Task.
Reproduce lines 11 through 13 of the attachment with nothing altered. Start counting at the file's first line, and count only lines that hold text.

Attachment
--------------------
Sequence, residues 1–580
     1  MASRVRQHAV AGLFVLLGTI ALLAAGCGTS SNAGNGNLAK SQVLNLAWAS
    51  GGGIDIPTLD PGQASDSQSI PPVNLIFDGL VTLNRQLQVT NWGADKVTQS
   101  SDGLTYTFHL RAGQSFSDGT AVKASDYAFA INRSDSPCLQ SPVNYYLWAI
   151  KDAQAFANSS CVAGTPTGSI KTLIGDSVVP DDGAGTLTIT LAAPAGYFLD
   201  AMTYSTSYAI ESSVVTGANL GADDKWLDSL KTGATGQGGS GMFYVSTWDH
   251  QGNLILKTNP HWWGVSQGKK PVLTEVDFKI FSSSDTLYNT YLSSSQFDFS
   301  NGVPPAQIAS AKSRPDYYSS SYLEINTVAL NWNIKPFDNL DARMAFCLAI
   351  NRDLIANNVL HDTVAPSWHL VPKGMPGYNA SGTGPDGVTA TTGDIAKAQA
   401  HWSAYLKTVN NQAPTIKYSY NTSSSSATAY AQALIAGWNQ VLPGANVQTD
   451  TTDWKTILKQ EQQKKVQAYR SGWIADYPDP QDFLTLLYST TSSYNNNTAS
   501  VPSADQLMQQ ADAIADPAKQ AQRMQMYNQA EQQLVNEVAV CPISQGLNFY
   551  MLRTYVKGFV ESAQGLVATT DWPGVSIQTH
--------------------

   451  TTDWKTILKQ EQQKKVQAYR SGWIADYPDP QDFLTLLYST TSSYNNNTAS
   501  VPSADQLMQQ ADAIADPAKQ AQRMQMYNQA EQQLVNEVAV CPISQGLNFY
   551  MLRTYVKGFV ESAQGLVATT DWPGVSIQTH